Background: In patients with heart failure (HF), increased arginine vasopressin concentrations are associated with more severe disease, making arginine vasopressin an attractive target for therapy. However, AVP is difficult to measure due to its in vitro instability and rapid clearance. Copeptin, the C-terminal segment of preprovasopressin, is a stable and reliable surrogate biomarker for serum arginine vasopressin concentrations. Methods and Results: The Biomarkers in Acute Heart Failure (BACH) trial was a 15-center, diagnostic and prognostic study of 1641 patients with acute dyspnea; 557 patients with acute HF were included in this analysis. Copeptin and other biomarker measurements were performed by a core laboratory at the University of Maryland. Patients were followed for up to 90 days after initial evaluation for the primary end point of all-cause mortality, HF-related readmissions, and HF-related emergency department visits. Patients with copeptin concentrations in the highest quartile had increased 90-day mortality (P<0.001; hazard ratio, 3.85). Mortality was significantly increased in patients with elevated copeptin and hyponatremia (P<0.001; hazard ratio, 7.36). Combined end points of mortality, readmissions, and emergency department visits were significantly increased in patients with elevated copeptin. There was no correlation between copeptin and sodium (r=0.047). Conclusions: This study showed significantly increased 90-day mortality, readmissions, and emergency department visits in patients with elevated copeptin, especially in those with hyponatremia. Copeptin was highly prognostic for 90-day adverse events in patients with acute HF, adding prognostic value to clinical predictors, ser um sodium, and natriuretic peptides.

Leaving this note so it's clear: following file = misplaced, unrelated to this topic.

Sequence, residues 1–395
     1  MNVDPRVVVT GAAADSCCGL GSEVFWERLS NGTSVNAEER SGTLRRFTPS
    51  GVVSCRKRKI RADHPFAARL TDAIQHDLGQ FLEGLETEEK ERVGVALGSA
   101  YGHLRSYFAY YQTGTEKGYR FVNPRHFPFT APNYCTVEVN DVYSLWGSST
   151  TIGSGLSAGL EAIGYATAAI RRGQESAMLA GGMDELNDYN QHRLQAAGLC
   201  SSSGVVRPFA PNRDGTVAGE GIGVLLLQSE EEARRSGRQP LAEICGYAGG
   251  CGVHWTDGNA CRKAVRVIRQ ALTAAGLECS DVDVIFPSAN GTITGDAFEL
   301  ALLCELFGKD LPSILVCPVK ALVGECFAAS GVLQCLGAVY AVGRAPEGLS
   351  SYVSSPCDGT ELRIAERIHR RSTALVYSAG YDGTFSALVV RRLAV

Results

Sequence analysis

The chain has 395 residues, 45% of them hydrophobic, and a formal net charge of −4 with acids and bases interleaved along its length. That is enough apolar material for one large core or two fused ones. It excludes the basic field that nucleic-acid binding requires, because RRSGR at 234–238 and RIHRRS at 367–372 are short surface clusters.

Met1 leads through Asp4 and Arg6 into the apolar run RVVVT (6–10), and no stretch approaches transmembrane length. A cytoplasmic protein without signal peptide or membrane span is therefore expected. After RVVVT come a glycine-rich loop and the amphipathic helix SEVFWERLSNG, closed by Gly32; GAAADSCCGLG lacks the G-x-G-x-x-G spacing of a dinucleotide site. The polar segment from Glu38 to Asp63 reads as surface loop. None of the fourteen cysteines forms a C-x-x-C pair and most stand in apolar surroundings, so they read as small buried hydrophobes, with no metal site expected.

|Original language||English (US)|
|Number of pages||8|
|Journal||Circulation: Heart Failure|
|State||Published - Sep 1 2011|
- Heart failure